What both the stone and the foam pillow have in common is they don’t change. The pillow appears to change, but it accepts no enduring lesson. There are, then, at least three opposites of resilience.

One opposite is firm rigidity. Like the stone, unbending. It never gets bent out of shape because it never bends at all.

Another opposite might be called purposelessness, not standing for anything. As the saying goes, “if you don’t stand for something, you’ll fall for anything.” There’s no inner purpose, no sense of “this is what my life means, and my calling is to live out who I am, to offer a particular and unique set of gifts to the world, understanding that every gift necessarily comes with shadows.” That pillow readily accommodates every pressure, but only for as long as the pressure is being directly applied.

So on the one hand there’s no learning from the pressure – no integrating it. And on the other hand there’s no selectivity about which pressures to accommodate and which ones to push back against. So: the first opposite of resilience is rigidity. The second opposite is purposelessness, not standing for anything.

The third opposite is fragility: totally cracking under pressure -- just breaking into thousand tiny pieces. I’m not talking about the cases where extensive psychiatric treatment and hospitalization is needed – that’s a story unto itself. The fragility I’m talking about is able to maintain functionality, can compartmentalize to a certain extent the part of the self that in a thousand pieces, and often does eventually find a way to put the pieces back together in a new shape, but takes a long time doing it. Or the compartment of the broken pieces gradually gets smaller – or maybe better hidden.

It is to a particular kind of fragility that we will turn in the next post.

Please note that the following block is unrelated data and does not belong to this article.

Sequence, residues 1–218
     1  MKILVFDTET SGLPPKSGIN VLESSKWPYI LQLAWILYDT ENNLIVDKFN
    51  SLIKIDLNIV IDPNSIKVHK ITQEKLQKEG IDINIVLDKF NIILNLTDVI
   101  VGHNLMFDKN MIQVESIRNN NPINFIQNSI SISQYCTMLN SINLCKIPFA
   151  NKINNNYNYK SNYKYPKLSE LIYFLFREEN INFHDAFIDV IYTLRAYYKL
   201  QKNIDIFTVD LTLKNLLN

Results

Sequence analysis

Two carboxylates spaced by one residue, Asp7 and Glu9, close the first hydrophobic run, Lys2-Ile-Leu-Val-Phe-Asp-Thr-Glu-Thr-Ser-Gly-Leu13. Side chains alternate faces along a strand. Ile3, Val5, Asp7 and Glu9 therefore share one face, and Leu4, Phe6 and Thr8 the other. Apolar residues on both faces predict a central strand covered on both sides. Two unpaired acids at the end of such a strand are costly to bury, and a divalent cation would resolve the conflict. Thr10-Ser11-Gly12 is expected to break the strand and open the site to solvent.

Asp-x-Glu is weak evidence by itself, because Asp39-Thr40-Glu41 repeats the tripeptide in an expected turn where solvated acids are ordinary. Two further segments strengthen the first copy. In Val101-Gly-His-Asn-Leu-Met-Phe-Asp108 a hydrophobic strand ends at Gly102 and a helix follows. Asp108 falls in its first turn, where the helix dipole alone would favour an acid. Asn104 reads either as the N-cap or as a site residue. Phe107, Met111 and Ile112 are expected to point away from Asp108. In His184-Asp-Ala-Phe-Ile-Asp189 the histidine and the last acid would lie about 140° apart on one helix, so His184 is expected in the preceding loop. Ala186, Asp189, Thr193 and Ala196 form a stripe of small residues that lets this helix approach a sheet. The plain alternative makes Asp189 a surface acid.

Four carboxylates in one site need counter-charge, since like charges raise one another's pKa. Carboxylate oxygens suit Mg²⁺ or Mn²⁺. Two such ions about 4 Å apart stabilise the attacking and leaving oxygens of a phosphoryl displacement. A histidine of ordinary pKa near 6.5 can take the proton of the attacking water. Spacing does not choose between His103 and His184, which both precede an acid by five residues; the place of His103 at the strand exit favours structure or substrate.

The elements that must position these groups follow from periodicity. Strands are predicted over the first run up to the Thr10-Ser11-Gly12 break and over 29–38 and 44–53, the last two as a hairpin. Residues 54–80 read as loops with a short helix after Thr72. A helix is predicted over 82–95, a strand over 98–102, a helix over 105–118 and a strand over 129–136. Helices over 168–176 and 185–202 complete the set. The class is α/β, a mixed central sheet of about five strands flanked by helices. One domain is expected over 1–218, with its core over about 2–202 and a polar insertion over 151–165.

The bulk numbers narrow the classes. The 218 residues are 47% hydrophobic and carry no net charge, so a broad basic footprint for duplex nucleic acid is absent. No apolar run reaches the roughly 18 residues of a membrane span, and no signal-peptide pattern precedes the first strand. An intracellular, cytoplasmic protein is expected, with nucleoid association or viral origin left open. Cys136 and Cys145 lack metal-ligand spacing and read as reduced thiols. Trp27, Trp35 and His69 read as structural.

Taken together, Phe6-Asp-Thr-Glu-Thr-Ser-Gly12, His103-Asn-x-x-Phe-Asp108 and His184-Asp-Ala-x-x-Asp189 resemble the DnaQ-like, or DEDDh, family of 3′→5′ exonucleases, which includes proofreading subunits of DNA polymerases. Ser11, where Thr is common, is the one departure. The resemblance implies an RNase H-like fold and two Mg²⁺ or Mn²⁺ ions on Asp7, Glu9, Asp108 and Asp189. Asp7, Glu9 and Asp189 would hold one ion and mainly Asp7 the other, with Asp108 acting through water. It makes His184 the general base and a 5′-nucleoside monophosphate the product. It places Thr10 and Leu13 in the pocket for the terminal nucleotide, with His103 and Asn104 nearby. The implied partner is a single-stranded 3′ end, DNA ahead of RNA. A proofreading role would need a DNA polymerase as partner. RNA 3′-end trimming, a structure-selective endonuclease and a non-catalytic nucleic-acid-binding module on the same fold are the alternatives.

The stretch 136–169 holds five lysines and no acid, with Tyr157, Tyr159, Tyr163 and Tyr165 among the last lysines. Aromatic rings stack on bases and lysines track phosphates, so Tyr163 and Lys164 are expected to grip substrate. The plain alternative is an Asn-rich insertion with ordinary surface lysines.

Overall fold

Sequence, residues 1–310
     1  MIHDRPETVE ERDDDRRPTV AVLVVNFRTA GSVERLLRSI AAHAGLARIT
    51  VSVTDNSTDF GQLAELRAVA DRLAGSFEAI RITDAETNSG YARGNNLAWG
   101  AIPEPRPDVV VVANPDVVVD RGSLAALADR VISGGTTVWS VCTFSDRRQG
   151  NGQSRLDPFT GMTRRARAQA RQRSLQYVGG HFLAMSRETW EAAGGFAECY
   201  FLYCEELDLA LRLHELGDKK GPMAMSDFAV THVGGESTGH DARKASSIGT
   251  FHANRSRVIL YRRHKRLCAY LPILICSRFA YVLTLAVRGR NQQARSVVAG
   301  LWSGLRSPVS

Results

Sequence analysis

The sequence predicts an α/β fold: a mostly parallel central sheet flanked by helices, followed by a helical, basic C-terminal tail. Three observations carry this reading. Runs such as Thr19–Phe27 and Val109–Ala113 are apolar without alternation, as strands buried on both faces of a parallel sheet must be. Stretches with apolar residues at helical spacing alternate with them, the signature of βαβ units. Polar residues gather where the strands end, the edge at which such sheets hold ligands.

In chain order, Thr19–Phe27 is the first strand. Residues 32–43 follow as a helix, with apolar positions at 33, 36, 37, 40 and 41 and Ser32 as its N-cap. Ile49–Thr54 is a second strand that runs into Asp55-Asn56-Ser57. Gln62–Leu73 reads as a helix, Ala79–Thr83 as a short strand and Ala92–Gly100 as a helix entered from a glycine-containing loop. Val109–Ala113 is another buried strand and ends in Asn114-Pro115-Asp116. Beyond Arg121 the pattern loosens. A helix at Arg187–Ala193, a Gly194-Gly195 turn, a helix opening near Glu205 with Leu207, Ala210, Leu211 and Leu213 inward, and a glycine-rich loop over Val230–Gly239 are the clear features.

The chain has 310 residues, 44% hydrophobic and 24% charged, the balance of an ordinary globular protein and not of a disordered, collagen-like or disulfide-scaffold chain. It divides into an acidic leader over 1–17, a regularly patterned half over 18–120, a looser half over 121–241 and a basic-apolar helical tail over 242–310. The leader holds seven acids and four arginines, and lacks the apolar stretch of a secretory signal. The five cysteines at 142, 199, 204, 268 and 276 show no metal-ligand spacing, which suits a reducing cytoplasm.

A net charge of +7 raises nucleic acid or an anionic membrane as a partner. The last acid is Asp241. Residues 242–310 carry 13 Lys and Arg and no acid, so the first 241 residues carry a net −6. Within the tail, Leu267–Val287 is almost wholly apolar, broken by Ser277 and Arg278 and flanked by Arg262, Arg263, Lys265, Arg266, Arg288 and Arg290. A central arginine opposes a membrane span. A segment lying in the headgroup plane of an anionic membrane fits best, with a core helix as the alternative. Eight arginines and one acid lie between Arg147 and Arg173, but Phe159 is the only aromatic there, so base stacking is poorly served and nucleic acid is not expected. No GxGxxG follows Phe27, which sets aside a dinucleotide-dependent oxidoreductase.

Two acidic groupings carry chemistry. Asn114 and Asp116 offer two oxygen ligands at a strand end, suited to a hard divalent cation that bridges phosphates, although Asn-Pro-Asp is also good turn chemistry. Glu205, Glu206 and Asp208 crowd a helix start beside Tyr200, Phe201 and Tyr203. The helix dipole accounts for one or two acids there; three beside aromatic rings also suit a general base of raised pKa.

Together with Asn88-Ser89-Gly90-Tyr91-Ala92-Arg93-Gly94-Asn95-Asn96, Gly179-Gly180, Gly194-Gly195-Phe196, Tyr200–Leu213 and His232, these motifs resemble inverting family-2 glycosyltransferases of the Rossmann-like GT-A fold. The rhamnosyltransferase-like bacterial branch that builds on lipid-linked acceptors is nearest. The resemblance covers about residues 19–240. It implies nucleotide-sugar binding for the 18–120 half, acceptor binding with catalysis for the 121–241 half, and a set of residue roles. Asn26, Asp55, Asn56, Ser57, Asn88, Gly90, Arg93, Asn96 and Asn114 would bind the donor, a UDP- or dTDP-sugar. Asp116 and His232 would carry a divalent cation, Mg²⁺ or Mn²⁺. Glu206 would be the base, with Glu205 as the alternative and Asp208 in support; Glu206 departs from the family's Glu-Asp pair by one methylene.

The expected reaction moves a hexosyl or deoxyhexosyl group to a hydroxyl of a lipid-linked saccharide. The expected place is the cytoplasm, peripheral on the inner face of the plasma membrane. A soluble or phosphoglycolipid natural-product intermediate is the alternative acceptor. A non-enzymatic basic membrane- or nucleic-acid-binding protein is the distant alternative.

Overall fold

* * *
This is part 1 of 3 of "Resilience"
See also
Part 2: White Fragility
Part 3: Qualities of the Resilient


Ways the Body Thinks

Embodiment, part 3

One study gave participants a brief interaction with a person they’d never met before. Participants were then called upon to make a judgment about the trustworthiness of that person they’d just met. The participants who had been holding warm cups of coffee during the interaction were more likely to judge the person trustworthy than those who had been holding a cold beverage. Literal warmth gives us warm feelings.

In another study, participants were asked to remember a time when they were socially accepted, and then asked to estimate the temperature in the room where that happened. Other participants were asked to remember a time when they were socially snubbed, and then estimate the temperature of the room where that happened. On average, the participants who were recalling an experience of acceptance judged the room to be 5 degrees warmer than the participants recalling an experience of being snubbed. Affection is Warmth.

Warmth can make us more trusting, and experiences of acceptance make us think it’s warmer. We “warm up” to people.

We think about time as space – not just when we draw a timeline to represent time spatially. When we think about the future we tend to lean slightly forward. While recollecting the past, we’re more likely to lean slightly backwards.

In another study, participants were shown a picture of a face that was rendered as gender neutral, indeterminate – without any of the cues we usually use to discern a male or female face. Participants were then asked whether they thought the person is the picture was male or female. While they were looking at the picture, some of the participants had been given a soft ball and instructed to squeeze on it. Others were given a hard ball to squeeze. The participants squeezing the soft ball were more likely to guess that the face was female. The participants squeezing the hard ball were more likely to guess the face was male. We associate female with softness.

When people are taking a survey while standing up, and the survey asks them to judge the value of a picture of a pile of money, or judge the importance of a leader, the respondents who were given heavy clipboards judge greater value to the currency and greater importance to the leader than those who were given lighter-weight clipboards. Heavy is important. It’s got gravitas.